<Statistics by step and by pass>

****************************************************************
*********

Statements per step by total time:

Step Stmts Total Min Max Avg %

-------- -------- -------- -------- -------- -------- --------

10 15 2627.27 0.00 1334.48 175.15 83.73

9 11 329.52 0.00 242.56 29.96 10.50

<…list of statistics continues>

<SQL statements>

****************************************************************
*********

batch 106, step 10, pass 401: "update implicit primaries to


child":

(total time 22:14m (1334s), 5000 rows affected, time/row 0.27s)

UPDATE siebel.S_CONTACT BT

SET PR_BL_PER_ADDR_ID =

(SELECT VALUE(MIN(ROW_ID), 'No Match Row Id')

FROM siebel.S_ADDR_PER CT

WHERE (CT.PER_ID = BT.ROW_ID)),

LAST_UPD = ?,

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LAST_UPD_BY = ?,

MODIFICATION_NUM = MODIFICATION_NUM + 1

WHERE (ROW_ID IN (

SELECT T_ADDR_PER_PER_ID C1

FROM siebel.EIM_CONTACT

WHERE(

T_ADDR_PER_PER_ID IS NOT NULL AND

IF_ROW_BATCH_NUM = 106 AND

T_ADDR_PER__STA = 0 AND

T_ADDR_PER__EXS = 'N' AND

T_ADDR_PER__UNQ = 'Y' AND

T_ADDR_PER__RID IS NOT NULL)

GROUP BY T_ADDR_PER_PER_ID)

AND

(PR_BL_PER_ADDR_ID IS NULL OR PR_BL_PER_ADDR_ID = 'No Match Row


Id'))

************************************************************

<…list of SQL statements continues>

Additional Indexes on EIM Tables


An examination of the data access path will assist you in determining whether
additional indexes are necessary to improve the performance of the long-running
SQL. In particular, look for table scans and large index range scans. For example,
the following index was implemented to improve Step 10 of EIM. After evaluating
the inner loop of the nested select, it was recommended to add an index on all T2
columns:

Inner loop:

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(SELECT MIN(ROW_ID)

FROM siebel.EIM_ACCOUNT T2

WHERE (T2.T_ADDR_ORG__EXS = 'Y' AND

T2.T_ADDR_ORG__RID = T1.T_ADDR_ORG__RID AND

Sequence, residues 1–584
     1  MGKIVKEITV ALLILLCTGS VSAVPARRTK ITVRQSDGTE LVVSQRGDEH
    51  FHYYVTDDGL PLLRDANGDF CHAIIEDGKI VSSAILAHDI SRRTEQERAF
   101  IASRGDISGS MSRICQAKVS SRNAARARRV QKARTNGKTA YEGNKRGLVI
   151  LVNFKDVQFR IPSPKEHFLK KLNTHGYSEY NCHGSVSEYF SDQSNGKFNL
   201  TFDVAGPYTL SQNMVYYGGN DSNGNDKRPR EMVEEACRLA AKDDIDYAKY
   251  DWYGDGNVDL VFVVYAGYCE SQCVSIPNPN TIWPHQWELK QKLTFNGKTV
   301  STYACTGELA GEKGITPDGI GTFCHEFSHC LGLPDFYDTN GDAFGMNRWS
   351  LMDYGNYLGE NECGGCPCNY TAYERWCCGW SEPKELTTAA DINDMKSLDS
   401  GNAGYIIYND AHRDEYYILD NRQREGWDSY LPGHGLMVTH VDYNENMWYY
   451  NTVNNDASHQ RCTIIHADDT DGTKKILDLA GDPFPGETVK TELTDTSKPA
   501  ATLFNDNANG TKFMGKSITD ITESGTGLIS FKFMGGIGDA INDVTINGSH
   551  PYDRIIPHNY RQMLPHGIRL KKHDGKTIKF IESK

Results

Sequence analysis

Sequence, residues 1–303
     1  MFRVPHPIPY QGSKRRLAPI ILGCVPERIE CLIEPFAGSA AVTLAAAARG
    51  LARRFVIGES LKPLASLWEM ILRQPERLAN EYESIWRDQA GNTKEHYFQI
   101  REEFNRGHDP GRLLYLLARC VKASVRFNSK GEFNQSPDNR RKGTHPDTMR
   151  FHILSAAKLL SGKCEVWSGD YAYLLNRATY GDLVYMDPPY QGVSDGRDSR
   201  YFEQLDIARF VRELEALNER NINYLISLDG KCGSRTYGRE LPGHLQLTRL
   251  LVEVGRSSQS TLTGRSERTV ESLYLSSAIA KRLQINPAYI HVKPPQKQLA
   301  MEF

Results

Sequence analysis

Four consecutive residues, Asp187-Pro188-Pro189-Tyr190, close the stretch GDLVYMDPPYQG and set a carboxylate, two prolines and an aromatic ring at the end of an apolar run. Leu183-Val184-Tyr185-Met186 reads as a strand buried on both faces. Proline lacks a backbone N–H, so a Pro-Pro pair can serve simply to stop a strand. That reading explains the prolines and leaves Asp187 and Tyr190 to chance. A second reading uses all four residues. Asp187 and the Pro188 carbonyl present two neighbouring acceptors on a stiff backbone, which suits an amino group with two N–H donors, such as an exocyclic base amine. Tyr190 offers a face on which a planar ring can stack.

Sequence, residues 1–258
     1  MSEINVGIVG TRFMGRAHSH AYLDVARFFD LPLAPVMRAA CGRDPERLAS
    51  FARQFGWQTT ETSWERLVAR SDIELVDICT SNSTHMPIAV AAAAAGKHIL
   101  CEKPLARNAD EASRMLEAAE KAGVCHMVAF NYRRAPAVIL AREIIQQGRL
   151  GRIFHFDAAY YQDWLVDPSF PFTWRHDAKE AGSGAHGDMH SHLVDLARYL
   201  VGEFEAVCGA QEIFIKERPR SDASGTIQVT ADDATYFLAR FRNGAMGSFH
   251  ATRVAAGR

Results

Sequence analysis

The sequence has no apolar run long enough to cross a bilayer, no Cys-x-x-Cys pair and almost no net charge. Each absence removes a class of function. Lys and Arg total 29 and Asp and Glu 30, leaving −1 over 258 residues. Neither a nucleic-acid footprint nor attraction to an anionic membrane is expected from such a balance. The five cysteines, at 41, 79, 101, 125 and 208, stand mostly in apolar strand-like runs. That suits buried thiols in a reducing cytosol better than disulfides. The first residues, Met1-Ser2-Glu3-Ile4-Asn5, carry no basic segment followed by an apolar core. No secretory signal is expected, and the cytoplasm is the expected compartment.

T2.IF_ROW_BATCH_NUM = 105 AND

T2.IF_ROW_STAT_NUM = 0 AND

T2.T_ADDR_ORG__STA = 0))

The index was created to consist of T2 columns used in the WHERE clause with
ROW_ID at the end of the index. This influenced the database optimizer to choose
this index for index-only access. Since the query wants the minimum (ROW_ID),
the very first qualifying page in the index will also contain the lowest value.

NOTE: Having the ROW_ID column as the leading index column would also be a
good strategy. Since the ROW_ID is unique, the index is likely to be more selective.

Adding Indexes to Improve Performance of S_ORG_EXT


Table S_ORG_EXT has indexes on many columns, but not all columns. If you have
a large number of records (several million accounts) in S_ORG_EXT, you may get a
performance improvement in deleting and merging by adding an index to one or
more of the following:

■ PR_BL_OU_ID

■ PR_PAY_OU_ID

■ PR_PRTNR_TYPE_ID

■ PR_SHIP_OU_ID

Before implementing any additional indexes, first discuss this with qualified
support personnel.

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Creating Proper Statistics on EIM Tables


Use of the .IFB file parameter UPDATE STATISTICS is only applicable to the DB2
database platform. This parameter can control whether EIM dynamically updates
the statistics of EIM tables. The default setting is TRUE. This parameter can be used
to create a set of statistics on the EIM tables that you can save and then reapply to
subsequent runs. After you have determined this optimal set of statistics, you can
turn off the UPDATE STATISTICS parameter in the .IFB file (UPDATE STATISTICS =
FALSE) thereby saving time during the EIM runs.